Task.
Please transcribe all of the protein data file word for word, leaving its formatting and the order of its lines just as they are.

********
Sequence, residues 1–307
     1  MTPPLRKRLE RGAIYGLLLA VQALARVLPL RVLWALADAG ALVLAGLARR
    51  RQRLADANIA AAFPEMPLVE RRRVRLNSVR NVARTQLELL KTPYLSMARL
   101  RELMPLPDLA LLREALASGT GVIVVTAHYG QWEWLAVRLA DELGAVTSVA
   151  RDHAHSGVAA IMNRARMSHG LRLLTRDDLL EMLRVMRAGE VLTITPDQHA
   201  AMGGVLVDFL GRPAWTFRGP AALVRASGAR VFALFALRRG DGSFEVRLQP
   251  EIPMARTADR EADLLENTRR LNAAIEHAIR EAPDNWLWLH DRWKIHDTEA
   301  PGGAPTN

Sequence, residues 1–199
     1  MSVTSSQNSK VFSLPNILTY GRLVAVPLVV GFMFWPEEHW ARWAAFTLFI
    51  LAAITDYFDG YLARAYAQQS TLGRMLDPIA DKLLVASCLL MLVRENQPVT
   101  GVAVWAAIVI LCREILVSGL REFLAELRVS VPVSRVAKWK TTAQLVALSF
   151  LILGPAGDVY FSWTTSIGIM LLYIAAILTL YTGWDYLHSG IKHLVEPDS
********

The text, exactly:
Sequence, residues 1–307
     1  MTPPLRKRLE RGAIYGLLLA VQALARVLPL RVLWALADAG ALVLAGLARR
    51  RQRLADANIA AAFPEMPLVE RRRVRLNSVR NVARTQLELL KTPYLSMARL
   101  RELMPLPDLA LLREALASGT GVIVVTAHYG QWEWLAVRLA DELGAVTSVA
   151  RDHAHSGVAA IMNRARMSHG LRLLTRDDLL EMLRVMRAGE VLTITPDQHA
   201  AMGGVLVDFL GRPAWTFRGP AALVRASGAR VFALFALRRG DGSFEVRLQP
   251  EIPMARTADR EADLLENTRR LNAAIEHAIR EAPDNWLWLH DRWKIHDTEA
   301  PGGAPTN

Sequence, residues 1–199
     1  MSVTSSQNSK VFSLPNILTY GRLVAVPLVV GFMFWPEEHW ARWAAFTLFI
    51  LAAITDYFDG YLARAYAQQS TLGRMLDPIA DKLLVASCLL MLVRENQPVT
   101  GVAVWAAIVI LCREILVSGL REFLAELRVS VPVSRVAKWK TTAQLVALSF
   151  LILGPAGDVY FSWTTSIGIM LLYIAAILTL YTGWDYLHSG IKHLVEPDS